Tuesday, March 20, 2012

I'm not saying we won't get our hair mussed

The U.S. and Israel are operating from very different assumptions.

The results of the war game were particularly troubling to Gen. James N. Mattis, who commands all American forces in the Middle East, Persian Gulf and Southwest Asia, according to officials who either participated in the Central Command exercise or who were briefed on the results and spoke on condition of anonymity because of its classified nature. When the exercise had concluded earlier this month, according to the officials, General Mattis told aides that an Israeli first strike would be likely to have dire consequences across the region and for United States forces there. 

The two-week war game, called Internal Look, played out a narrative in which the United States found it was pulled into the conflict after Iranian missiles struck a Navy warship in the Persian Gulf, killing about 200 Americans, according to officials with knowledge of the exercise. The United States then retaliated by carrying out its own strikes on Iranian nuclear facilities. 

 The Israelis, apparently, view this differently.

I am not capable of sorting through the elaborate layers of bluff and counterbluff that may lie behind the Israeli assumptions, or assertions, that Jeff Goldberg reports. And neither I nor anyone else can prove what I strongly believe: that such "best-case" predictions, assuming that the Israeli officials really hold them, are wildly unrealistic. The first, in particular, smacks unmistakably of Dick Cheney's "we will be greeted as liberators" forecast about invading Iraq, or the earlier CIA fantasies that the downtrodden people of Cuba would rise to welcome the Bay of Pigs landing party in 1961.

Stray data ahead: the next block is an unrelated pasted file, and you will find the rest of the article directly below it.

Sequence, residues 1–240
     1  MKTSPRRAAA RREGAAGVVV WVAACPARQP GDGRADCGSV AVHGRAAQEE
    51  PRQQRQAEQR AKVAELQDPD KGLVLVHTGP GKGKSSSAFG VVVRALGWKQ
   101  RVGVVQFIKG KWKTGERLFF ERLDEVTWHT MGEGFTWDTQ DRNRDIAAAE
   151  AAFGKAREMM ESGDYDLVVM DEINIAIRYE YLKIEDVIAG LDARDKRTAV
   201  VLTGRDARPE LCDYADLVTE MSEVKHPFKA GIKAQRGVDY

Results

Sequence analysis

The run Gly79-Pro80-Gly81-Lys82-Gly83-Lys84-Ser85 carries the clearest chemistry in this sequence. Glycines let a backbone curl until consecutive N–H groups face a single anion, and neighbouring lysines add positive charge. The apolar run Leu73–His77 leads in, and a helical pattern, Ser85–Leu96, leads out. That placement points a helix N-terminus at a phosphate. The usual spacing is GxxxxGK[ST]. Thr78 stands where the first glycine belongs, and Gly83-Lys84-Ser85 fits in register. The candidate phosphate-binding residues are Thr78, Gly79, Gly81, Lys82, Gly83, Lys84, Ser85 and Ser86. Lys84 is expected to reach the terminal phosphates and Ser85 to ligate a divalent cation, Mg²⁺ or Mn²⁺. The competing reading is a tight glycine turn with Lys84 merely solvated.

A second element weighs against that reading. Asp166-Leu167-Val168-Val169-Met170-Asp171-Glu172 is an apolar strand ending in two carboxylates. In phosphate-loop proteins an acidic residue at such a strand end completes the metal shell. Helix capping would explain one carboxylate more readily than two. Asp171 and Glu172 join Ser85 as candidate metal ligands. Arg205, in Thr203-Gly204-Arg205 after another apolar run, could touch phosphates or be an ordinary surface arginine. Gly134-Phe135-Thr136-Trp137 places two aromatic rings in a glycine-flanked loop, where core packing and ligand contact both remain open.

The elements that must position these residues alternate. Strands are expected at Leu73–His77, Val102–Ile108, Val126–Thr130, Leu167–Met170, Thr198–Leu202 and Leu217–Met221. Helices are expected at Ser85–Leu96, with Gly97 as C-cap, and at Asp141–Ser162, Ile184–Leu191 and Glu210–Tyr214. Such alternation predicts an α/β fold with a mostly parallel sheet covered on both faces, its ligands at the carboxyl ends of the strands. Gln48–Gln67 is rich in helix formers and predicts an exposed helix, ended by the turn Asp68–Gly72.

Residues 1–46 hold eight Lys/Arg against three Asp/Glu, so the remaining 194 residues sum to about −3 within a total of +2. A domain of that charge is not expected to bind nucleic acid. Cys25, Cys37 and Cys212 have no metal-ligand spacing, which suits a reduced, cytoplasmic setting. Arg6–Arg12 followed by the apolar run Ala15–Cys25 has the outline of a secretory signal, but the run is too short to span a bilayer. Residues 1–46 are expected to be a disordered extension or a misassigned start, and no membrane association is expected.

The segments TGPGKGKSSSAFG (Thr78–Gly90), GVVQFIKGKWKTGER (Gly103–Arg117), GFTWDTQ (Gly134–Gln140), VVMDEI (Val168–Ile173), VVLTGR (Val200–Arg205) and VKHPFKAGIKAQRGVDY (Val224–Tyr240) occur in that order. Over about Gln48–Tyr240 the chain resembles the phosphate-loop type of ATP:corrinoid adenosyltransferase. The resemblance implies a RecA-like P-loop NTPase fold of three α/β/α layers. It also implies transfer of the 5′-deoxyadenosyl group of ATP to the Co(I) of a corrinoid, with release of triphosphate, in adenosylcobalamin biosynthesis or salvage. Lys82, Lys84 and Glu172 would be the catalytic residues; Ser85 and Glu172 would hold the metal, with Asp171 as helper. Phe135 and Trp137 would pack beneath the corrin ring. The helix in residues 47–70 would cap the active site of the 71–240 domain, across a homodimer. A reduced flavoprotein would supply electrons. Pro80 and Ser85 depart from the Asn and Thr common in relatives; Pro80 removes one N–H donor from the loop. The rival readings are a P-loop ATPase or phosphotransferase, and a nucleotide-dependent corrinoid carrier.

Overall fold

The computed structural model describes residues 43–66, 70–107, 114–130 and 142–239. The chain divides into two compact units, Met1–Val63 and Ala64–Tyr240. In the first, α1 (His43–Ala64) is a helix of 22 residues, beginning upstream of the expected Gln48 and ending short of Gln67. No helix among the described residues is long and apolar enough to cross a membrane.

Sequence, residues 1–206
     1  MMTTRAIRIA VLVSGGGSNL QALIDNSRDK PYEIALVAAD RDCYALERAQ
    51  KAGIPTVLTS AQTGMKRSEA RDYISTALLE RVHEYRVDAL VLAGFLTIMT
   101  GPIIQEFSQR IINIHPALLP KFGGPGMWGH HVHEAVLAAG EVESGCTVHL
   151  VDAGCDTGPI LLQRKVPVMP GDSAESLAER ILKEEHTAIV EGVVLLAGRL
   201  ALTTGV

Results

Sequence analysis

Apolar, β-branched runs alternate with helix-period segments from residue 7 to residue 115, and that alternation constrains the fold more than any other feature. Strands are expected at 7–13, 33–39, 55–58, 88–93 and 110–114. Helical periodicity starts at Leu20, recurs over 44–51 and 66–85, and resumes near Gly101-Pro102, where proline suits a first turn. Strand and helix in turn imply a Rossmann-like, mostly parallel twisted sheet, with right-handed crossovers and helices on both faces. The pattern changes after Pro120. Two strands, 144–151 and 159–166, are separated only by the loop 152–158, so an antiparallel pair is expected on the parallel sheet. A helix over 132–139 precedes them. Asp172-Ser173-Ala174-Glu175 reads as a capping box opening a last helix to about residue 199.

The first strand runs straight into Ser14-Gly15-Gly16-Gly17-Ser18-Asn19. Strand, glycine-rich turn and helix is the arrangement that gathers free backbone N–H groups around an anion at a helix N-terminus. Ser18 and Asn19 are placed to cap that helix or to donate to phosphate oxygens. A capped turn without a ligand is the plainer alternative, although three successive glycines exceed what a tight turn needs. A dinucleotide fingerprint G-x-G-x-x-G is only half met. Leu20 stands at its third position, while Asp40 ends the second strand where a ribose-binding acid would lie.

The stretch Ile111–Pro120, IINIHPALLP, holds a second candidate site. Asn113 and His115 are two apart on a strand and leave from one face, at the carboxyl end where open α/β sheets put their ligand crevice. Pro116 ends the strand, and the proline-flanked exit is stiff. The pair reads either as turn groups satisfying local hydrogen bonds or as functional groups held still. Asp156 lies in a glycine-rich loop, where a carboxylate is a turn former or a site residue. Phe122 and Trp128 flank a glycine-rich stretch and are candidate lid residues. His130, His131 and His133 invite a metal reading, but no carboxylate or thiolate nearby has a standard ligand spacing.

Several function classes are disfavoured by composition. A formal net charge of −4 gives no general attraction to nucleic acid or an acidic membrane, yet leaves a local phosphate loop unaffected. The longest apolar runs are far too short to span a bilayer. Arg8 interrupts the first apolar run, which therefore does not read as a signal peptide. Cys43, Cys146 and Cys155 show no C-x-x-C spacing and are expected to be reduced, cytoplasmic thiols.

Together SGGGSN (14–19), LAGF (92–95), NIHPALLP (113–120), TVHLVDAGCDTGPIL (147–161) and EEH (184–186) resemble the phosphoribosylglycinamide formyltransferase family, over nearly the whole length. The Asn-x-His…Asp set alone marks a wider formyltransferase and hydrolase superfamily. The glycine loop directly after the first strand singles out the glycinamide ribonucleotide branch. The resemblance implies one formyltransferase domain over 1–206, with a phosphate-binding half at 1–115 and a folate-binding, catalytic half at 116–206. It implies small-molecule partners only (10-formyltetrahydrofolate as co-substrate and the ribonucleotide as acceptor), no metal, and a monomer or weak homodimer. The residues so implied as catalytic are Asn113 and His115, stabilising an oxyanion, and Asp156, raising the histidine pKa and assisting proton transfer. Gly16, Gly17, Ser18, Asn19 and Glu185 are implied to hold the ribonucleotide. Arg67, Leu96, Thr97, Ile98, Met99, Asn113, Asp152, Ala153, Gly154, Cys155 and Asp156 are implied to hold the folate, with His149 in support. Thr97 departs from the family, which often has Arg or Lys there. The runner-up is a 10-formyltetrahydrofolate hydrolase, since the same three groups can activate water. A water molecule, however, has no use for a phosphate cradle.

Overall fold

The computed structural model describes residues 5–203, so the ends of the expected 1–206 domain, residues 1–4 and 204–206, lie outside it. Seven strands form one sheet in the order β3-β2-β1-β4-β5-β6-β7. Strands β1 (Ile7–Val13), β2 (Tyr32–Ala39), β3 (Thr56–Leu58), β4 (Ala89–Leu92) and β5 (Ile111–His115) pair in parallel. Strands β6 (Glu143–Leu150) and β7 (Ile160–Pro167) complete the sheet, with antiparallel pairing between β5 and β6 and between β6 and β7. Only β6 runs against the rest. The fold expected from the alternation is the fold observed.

What I can say is this: if Israeli officials really have adopted best-case-ism as their military "planning" doctrine and basis for decision-making, we are fully into "March of Folly" territory, and the "psychological inversion" that a reader described recently has in fact taken place.

When Barbara Tuchman coined the phrase March of Folly, she meant self-destructive behavior on a collective, organizational scale, as a group walked into a disaster it could easily have avoided.To qualify as epic-scale folly, by her standards, a ruinous decision had to:
  -arise from a sustained set of policies, not just one instantaneous wrong choice;
  -involve many people's agreement and collaboration, not just the excesses of one madman;
  -prove clearly destructive to the long-term interests of the group involved; and
  -have been warned against in real time, before the bad consequences happened, not just in retrospect.

If Netanyahu's team goes ahead, they will have met those tests.

Meanwhile, back to the Times report:

Israeli intelligence estimates, backed by academic studies, have cast doubt on the widespread assumption that a military strike on Iranian nuclear facilities would set off a catastrophic set of events like a regional conflagration, widespread acts of terrorism and sky-high oil prices. 

“A war is no picnic,” Defense Minister Ehud Barak told Israel Radio in November. But if Israel feels itself forced into action, the retaliation would be bearable, he said. “There will not be 100,000 dead or 10,000 dead or 1,000 dead. The state of Israel will not be destroyed.” 

Folly, indeed.

Labels: , ,


Post a Comment

<< Home

Weblog Commenting by HaloScan.com Site Meter